“Although science usually moves at a snail’s pace, because the islands are largely unexplored by modern science it means that we are finding previously unrecorded species very quickly and there is a surprisingly high number of them,” he said.

“Each island is different and tends to support a unique set of species due to its isolation by water and therefore the species form distinct groups which differ from the mainland.”

9 islands still to be surveyed

So far, 48 species of snails that are unique to the islands have been recorded as part of the survey and all but three of these have never been formally described. Nine islands are still to be surveyed in the wet season and scientists are predicting more discoveries.

“Just like kangaroos, these land snails are among the survivors of the major changes in climate that have taken place over the last few million years. These days, most people will not see them because they bury themselves deep in the soil or hide in crevices to escape the heat and conserve water, only emerging during the wet season”, he said

“One of the fascinating features is how you distinguish between different species through the size and shape of the male organs, so what might look like the same snail from the shell is actually another species that you’ll recognise only if you look inside.”

4 year survey

The survey of 22 of the largest islands in the Kimberley, designed to sample groups of mammals, reptiles, land snails, birds and plants at most risk of threats such as fire, weeds, human activity and cane toads, commenced in late 2006 and is due for completion in 2010.

The project is a collaboration between Department of Environment and Conservation (DEC), the Western Australian Museum, the Australian Museum and the Kimberley Land Council

DEC is in the process of preparing a science and conservation strategy for the Kimberley as part of a $9 million State Government commitment.

Western Australian islands to be cleared of rodents: here.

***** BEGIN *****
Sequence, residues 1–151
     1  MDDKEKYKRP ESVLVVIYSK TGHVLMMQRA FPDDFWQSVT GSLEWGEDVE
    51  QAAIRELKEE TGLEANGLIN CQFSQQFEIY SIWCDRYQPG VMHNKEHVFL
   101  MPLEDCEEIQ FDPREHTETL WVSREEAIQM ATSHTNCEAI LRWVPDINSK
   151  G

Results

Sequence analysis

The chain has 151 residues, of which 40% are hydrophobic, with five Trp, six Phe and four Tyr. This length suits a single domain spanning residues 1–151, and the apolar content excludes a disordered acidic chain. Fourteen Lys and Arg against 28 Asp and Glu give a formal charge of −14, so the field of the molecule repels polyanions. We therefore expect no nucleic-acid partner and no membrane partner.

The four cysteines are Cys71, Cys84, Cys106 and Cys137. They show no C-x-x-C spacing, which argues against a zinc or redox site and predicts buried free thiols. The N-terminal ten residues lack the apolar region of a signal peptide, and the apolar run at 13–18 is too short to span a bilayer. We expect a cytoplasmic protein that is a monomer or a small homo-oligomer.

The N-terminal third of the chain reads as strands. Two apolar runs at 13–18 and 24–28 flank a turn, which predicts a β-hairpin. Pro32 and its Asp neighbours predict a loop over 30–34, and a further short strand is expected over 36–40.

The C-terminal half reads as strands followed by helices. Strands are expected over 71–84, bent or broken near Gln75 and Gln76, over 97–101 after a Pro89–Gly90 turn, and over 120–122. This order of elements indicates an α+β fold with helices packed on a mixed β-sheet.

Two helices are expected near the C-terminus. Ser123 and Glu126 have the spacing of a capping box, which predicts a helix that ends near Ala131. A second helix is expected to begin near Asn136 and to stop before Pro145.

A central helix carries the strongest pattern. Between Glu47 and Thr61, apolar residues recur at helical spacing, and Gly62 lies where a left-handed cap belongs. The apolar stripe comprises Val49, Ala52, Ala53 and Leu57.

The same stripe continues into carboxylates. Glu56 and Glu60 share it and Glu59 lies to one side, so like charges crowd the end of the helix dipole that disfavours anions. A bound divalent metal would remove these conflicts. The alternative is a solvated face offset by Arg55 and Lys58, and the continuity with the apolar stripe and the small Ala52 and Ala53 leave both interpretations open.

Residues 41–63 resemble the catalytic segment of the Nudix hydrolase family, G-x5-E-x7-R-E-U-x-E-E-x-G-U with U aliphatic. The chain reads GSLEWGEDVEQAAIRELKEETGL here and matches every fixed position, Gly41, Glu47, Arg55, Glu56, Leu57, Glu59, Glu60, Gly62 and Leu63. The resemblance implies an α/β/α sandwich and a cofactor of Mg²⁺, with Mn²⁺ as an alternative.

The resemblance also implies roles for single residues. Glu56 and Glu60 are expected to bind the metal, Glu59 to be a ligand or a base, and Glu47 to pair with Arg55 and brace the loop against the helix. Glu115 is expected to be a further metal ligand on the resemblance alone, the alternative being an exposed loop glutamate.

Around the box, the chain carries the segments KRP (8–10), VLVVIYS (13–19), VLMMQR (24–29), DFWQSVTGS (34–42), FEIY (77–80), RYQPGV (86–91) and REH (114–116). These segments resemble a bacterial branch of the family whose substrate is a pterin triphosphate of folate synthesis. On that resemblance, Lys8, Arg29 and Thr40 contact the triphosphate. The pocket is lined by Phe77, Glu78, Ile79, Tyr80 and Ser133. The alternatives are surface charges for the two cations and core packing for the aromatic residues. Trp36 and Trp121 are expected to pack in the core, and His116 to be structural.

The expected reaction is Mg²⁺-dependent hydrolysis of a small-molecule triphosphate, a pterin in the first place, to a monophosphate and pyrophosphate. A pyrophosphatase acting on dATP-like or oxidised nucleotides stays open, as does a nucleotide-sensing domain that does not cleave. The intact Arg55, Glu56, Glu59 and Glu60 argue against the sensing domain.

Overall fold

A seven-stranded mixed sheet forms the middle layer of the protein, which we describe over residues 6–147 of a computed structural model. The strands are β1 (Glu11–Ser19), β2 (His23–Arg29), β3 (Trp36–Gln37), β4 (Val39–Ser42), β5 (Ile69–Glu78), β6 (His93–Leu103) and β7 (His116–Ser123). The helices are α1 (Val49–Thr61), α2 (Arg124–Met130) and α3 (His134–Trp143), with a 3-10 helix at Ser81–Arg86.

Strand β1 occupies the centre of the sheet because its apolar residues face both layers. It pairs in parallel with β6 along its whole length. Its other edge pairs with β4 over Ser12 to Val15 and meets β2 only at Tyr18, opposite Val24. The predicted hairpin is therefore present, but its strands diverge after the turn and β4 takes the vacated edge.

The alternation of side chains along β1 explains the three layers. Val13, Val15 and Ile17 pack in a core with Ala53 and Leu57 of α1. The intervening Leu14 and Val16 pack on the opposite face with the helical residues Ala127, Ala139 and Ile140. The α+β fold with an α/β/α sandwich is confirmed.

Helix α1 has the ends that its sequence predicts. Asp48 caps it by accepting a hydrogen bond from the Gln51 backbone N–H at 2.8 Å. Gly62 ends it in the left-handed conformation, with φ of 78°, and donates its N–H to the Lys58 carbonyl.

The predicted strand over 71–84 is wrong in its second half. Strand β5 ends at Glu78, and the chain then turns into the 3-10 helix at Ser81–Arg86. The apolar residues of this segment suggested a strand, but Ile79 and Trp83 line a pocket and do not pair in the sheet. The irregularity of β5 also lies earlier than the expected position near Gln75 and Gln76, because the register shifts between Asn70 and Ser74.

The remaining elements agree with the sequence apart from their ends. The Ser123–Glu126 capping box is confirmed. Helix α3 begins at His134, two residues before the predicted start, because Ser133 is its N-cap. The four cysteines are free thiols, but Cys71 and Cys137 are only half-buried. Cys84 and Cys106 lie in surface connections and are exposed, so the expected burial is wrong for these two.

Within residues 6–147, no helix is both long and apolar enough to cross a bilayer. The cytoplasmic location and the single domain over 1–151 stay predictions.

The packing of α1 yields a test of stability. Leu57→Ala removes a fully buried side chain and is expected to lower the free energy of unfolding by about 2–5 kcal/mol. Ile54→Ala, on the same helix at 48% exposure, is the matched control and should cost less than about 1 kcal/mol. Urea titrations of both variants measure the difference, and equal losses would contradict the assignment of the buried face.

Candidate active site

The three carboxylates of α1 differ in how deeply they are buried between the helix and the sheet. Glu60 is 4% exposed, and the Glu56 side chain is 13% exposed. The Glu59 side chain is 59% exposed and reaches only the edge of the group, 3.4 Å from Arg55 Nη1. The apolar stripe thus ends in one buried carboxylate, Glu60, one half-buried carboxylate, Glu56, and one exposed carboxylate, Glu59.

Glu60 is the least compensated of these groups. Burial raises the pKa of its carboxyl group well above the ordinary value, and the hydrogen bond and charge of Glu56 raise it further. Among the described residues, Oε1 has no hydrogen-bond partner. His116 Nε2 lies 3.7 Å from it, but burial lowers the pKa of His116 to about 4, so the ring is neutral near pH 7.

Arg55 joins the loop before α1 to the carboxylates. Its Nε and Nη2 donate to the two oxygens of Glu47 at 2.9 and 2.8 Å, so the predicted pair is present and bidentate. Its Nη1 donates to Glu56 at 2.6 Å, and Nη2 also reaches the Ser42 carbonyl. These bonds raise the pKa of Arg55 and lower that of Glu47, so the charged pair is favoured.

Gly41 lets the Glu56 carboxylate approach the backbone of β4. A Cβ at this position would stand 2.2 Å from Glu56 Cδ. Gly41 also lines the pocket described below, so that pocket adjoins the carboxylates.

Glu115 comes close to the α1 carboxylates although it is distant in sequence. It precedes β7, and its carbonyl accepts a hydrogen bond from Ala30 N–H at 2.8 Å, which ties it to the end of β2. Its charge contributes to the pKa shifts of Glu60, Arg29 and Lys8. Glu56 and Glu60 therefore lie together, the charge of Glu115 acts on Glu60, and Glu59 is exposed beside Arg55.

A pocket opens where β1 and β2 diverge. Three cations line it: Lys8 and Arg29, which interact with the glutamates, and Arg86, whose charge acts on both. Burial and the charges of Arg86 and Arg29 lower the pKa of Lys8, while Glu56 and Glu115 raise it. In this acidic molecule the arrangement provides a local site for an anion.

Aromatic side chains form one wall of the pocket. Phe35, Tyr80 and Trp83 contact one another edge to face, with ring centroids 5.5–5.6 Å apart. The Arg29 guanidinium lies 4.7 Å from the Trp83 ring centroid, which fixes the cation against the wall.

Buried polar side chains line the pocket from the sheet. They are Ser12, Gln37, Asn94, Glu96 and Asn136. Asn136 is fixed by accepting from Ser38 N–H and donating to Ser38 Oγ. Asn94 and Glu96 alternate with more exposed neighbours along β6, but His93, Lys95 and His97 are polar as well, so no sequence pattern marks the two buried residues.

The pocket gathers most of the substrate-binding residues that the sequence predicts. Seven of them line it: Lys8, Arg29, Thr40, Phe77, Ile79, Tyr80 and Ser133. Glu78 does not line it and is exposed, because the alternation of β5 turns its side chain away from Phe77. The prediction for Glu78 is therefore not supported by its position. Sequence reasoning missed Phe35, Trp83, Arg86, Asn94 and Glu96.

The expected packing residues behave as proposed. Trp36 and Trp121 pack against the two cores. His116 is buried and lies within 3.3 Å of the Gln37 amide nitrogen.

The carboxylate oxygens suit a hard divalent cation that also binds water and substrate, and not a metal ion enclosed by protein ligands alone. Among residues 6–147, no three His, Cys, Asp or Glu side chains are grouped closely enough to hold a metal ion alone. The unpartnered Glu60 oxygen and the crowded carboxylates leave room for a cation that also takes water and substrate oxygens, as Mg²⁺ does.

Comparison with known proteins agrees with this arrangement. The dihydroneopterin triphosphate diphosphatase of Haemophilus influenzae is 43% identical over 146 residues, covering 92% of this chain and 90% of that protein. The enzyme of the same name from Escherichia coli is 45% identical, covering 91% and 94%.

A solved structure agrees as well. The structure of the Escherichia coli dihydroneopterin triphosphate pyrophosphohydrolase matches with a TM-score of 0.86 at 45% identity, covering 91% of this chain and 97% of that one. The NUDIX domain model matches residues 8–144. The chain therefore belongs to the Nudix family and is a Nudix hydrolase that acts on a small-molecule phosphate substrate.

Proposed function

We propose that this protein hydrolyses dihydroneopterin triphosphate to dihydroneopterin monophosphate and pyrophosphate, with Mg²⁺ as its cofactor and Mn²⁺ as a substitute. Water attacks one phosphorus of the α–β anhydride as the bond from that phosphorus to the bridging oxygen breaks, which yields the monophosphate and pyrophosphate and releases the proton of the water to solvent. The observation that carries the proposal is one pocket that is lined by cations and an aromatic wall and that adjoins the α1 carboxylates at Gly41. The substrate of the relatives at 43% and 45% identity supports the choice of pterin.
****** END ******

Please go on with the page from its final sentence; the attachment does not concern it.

How do we even begin to describe the 420,000 or more unnamed species in Australia? Taxonomy is only at the dawn of its discovery phase on this mega-diverse continent, but as a discipline it is undervalued and on its way out: here.

Queensland Museum scientist Dr. John Stanisic has named a rare species of tree snail discovered in north Queensland in honor of wildlife advocate and conservationist Steve Irwin. The snail, Crikey steveirwini, was found in the mountainous regions of north Queensland’s Wet Tropics near Cairns: here.

Snails may split into different species rapidly precisely because they move so slowly, scientists now suggest: here.

A team of Catalan researchers has studied the changes in the make-up of animal populations following forest fires, and have concluded that malacological fauna are a good indicator of forest recovery. The conclusions of this study will help to ensure that post-fire forestry operations that do not harm these species of molluscs, which are sensitive to microclimatic conditions of the soil and vegetation structure: here.

Cloud forest shell slug (Ibycus rachelae, Helicarionidae), Crocker Mountain Range, Borneo: photo here.

Tiny Mediterranean snail ‘hitchhiked’ to UK in Victorian times: here.

ScienceDaily (Oct. 19, 2010) — Two world experts in micro mollusks, Anselmo Peñas and Emilio Rolán, have made an unprecedented description in a scientific publication of a combined total of 209 snail species. Commissioned by the National Museum of Natural History in Paris, the study was unveiled in September in the French capital, and it covers the most new species from a single genus of any study to date: here.

Slugs’ last meals: molecular identification of sequestered chloroplasts from different algal origins in Sacoglossa: here.

How sea slugs ‘capture the sun’: here.

Surprising number of Sea slugs off Wales: here.

The brightly coloured moorish idol, the busy bumble bee of the reef: here.